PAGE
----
Notice to General Public and Reagan LIbrary Researchers on Closures

LIBRARY CLOSURE

We're sorry. Due to the coronavirus public health emergency, the Ronald Reagan Presidential Library & Museum will be closed to the public beginning March 14th until further notice. We will continue to respond to written reference requests at reagan.library@nara.gov. Please check our website, reaganlibrary.gov or www.archives.gov/coronavirus  for updates on our operating hours and status.

All public events at the Reagan Library facilities are cancelled until further notice. Where possible, we will conduct public events and outreach activities online and through virtual meetings. For online education information, please see our educational resources.

Notice to NARA Researchers and FOIA Requestors

Due to the COVID-19 pandemic and pursuant to guidance received from the Office of Management and Budget (OMB), NARA has adjusted its normal operations to balance the need of completing its mission-critical work while also adhering to the recommended social distancing for the safety of our staff.  As a result of this re-prioritization of activities, you may experience a delay in receiving an initial acknowledgment as well as a substantive response to your reference or FOIA request or appeal.  We apologize for this inconvenience and appreciate your understanding and patience.  Read more on how NARA is addressing COVID-19 (coronavirus) https://www.archives.gov/coronavirus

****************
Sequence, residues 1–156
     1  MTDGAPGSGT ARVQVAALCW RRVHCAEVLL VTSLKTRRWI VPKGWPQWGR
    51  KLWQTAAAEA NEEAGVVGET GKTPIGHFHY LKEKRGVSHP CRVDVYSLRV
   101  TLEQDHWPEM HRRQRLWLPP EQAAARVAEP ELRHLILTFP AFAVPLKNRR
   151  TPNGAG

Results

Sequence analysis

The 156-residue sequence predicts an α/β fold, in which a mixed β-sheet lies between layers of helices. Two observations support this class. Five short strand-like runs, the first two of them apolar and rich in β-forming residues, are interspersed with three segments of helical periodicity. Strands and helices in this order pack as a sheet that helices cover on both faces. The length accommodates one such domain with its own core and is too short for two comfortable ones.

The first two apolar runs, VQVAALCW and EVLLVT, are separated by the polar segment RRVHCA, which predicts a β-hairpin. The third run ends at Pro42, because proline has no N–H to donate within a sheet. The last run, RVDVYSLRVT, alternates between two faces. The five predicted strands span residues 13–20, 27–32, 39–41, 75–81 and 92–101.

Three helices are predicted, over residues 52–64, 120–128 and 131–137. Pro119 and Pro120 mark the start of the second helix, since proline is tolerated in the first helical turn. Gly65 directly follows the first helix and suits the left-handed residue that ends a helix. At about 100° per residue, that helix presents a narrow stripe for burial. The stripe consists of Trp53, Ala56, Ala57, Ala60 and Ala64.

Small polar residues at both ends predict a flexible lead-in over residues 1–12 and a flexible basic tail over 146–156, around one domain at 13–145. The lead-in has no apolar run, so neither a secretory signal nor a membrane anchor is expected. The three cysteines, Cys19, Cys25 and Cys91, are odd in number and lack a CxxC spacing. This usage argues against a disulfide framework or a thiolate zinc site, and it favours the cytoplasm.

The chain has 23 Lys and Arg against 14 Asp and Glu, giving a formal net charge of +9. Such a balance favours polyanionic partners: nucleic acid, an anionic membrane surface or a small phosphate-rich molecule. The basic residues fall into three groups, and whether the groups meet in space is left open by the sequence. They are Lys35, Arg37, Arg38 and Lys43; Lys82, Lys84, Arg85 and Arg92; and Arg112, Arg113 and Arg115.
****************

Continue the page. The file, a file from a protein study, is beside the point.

RESEARCHERS: Please see a "Letter to Researchers" from the Archivist of the United States for a further update.

 


 

 

Tokyo Economic Summit Conference Statement on the Soviet Nuclear Reactor Accident at Chernobyl

May 5, 1986

1. We, the Heads of State or Government of seven major industrial nations and the Representatives of the European Community, have discussed the implications of the accident at the Chernobyl nuclear power station. We express our deep sympathy for those affected. We remain ready to extend assistance, in particular medical and technical, as and when requested.

2. Nuclear power is and, properly managed, will continue to be an increasingly widely used source of energy. For each country the maintenance of safety and security is an international responsibility, and each country engaged in nuclear power generation bears full responsibility for the safety of the design, manufacture, operation and maintenance of its installations. Each of our countries meets exacting standards. Each country, furthermore, is responsible for prompt provision of detailed and complete information on nuclear emergencies and accidents, in particular those with potential transboundary consequences. Each of our countries accepts that responsibility, and we urge the Government of the Soviet Union, which did not do so in the case of Chernobyl, to provide urgently such information, as our and other countries have requested.

3. We note with satisfaction the Soviet Union's willingness to undertake discussions this week with the Director-General of the International Atomic Energy Agency (IAEA). We expect that these discussions will lead to the Soviet Union's participation in the desired post-accident analysis.

4. We welcome and encourage the work of the IAEA in seeking to improve international cooperation on the safety of nuclear installations, the handling of nuclear accidents and their consequences, and the provision of mutual emergency assistance. Moving forward from the relevant IAEA guidelines, we urge the early elaboration of an international convention committing the parties to report and exchange information in the event of nuclear emergencies or accidents. This should be done with the least possible delay.